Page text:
Editor’s note: As part of our ongoing “Economic Life” coverage, we asked two observers to give their analysis of Bridge’s in-depth look into the state’s economic performance and job prospects.
We’ve all seen the lists that show the growing and shrinking sectors of Michigan’s economy. Policy-makers use these inventories to help them chart the direction of our state’s economic policies.
However, time and again, the nonprofit sector is overlooked as part of Michigan’s economic landscape. This is a problem because, as we have seen with the recent elimination of the charitable tax credit, for large sections of the nonprofit sector, policy-makers are creating barriers to growth for one of the few job-creating industries inMichigan.
The Council of Michigan Foundations and the Michigan Nonprofit Association looked into the impact ofMichigan’s “Great Recession” on the sector and found some good news. It shows why government — at all levels — and the nonprofit sector must work more effectively together.
During the time period of the report, we found the nonprofit industry was virtually recession-proof. When the vast majority of Michigan employers were cutting staff and salaries, nonprofit organizations added approximately 11,500 jobs to the state’s economy and employees saw their wages increase by 14.7 percent, compared to numerous sectors that saw wages freeze or decrease.
In 2009, the 374,537 nonprofit employees in Michigan earned nearly $14.5 billion in wages, which translates into an estimated $90 million of personal income tax revenues forMichigan’s state and local governments. And that does not take into account the sales tax revenue generated by nonprofit employees and their families. These are significant bright spots inMichigan’s economic outlook!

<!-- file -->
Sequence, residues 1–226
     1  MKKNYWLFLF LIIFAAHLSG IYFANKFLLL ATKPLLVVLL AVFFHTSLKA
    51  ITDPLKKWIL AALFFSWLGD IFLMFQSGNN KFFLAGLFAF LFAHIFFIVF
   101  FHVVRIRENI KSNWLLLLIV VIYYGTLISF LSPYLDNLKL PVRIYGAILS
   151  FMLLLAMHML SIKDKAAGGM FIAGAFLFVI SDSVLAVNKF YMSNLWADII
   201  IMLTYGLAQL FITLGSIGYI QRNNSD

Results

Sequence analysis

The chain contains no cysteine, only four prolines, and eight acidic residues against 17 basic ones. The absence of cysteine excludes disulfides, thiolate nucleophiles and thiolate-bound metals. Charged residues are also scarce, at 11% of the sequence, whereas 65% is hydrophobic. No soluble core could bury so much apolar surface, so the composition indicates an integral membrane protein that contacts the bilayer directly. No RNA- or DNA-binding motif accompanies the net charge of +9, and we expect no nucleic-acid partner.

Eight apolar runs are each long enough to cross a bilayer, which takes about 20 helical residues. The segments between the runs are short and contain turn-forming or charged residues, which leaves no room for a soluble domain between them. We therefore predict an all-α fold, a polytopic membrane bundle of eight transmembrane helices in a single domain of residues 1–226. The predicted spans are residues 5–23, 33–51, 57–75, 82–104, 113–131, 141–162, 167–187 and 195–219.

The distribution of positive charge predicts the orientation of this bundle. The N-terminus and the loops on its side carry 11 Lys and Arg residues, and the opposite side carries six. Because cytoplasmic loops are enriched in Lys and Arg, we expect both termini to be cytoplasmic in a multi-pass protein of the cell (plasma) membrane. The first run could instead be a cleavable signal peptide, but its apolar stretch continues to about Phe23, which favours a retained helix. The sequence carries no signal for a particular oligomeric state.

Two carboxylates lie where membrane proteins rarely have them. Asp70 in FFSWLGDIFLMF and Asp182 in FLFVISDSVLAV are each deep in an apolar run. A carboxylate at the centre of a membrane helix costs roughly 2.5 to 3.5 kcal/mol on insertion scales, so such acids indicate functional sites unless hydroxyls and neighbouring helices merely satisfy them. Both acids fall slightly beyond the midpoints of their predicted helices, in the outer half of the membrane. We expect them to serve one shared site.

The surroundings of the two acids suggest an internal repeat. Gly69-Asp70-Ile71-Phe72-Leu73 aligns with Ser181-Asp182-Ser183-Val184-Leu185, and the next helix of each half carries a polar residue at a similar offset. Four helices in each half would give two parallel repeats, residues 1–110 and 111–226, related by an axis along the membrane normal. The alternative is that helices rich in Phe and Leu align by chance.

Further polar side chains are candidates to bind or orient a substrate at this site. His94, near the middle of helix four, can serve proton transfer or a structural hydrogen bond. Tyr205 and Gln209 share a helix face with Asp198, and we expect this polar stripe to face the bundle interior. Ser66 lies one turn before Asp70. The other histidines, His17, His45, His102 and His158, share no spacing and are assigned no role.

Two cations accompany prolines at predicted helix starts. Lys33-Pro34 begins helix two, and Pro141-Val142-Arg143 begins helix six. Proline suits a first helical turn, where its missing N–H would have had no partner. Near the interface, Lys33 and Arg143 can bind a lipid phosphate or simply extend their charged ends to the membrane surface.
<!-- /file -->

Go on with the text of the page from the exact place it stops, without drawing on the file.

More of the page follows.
Nonprofits are providing jobs, educating the next generation, caring for the most vulnerable and ensuring our quality of life while effectively and efficiently helping government reduce its costs to the taxpayer. Government provides only a portion of what it costs for nonprofits operate — the rest comes from philanthropy or entrepreneurial fee for service activities.
How much does this save? We don’t know because, unlike retail and manufacturing, government does not track the economic activities of the nonprofit sector. Still, the sector generates jobs that feed families and generates taxpayers. Because policy-makers do not have this data as readily available to them as compared to the data for the other industries, including IT, they make job-killing decisions in the form of tax policy that discourages individual giving.
Bridge’s “Economic Life in Michigan” project did the same as all other broad economy studies do — overlooked the nonprofit industry. Instead, the nonprofit data was likely lumped into numerous different categories such as “Health care and social assistance.” There may be a large number of nonprofits in this category, but it does not capture the full economic contribution of Michigan’s nonprofits. In turn, this does not give the data guidance needed by lawmakers.
Nonprofits occupy a unique place in Michigan. We provide human services; educate, promote the arts and culture; and ensure our social safety net for the common good. But for nonprofit organizations to fulfill their missions, they also must be employers, contractors and customers contributing greatly to Michigan’s economy. The state and economic researchers must do a better job of showing the significant economic impact that nonprofits have on Michigan’s economy.
This will give legislators an idea of the potential to grow a sector that contributes so much to our state.